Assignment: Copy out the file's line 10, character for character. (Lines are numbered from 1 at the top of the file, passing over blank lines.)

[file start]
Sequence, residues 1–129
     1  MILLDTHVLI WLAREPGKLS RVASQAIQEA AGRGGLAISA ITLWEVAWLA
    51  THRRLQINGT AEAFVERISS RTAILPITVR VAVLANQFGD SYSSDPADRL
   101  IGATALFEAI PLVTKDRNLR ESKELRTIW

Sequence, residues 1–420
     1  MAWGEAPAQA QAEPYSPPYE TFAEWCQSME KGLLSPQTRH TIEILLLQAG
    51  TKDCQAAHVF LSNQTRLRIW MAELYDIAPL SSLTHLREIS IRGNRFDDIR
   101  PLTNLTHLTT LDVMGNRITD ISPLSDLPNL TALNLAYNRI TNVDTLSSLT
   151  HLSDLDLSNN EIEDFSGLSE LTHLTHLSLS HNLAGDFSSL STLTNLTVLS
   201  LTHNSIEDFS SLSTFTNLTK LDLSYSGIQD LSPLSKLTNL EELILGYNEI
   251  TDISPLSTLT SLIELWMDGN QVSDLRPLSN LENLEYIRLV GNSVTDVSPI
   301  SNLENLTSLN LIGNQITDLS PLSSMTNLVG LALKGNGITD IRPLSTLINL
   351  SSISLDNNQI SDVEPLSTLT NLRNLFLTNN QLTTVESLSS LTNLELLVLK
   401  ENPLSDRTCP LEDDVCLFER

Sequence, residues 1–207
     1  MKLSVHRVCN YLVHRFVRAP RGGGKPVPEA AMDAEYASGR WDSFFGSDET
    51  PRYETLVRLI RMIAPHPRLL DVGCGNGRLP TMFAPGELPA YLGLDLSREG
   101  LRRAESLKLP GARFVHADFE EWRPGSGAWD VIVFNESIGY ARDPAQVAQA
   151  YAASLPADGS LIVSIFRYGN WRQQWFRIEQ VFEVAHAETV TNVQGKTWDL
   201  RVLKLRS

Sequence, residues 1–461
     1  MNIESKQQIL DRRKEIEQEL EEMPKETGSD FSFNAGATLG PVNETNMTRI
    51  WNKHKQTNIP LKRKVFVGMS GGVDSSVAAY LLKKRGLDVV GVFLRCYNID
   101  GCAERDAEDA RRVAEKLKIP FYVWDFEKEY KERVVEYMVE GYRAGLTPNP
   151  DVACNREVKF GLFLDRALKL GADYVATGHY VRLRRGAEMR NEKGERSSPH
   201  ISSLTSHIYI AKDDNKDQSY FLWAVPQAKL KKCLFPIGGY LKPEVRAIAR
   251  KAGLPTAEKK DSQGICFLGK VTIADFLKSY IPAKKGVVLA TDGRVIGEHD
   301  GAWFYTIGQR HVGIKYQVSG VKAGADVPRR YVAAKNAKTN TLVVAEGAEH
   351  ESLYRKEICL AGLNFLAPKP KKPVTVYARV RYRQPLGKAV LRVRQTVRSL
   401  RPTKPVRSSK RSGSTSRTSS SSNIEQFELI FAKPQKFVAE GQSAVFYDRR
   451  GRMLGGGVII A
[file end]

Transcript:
   201  LTHNSIEDFS SLSTFTNLTK LDLSYSGIQD LSPLSKLTNL EELILGYNEI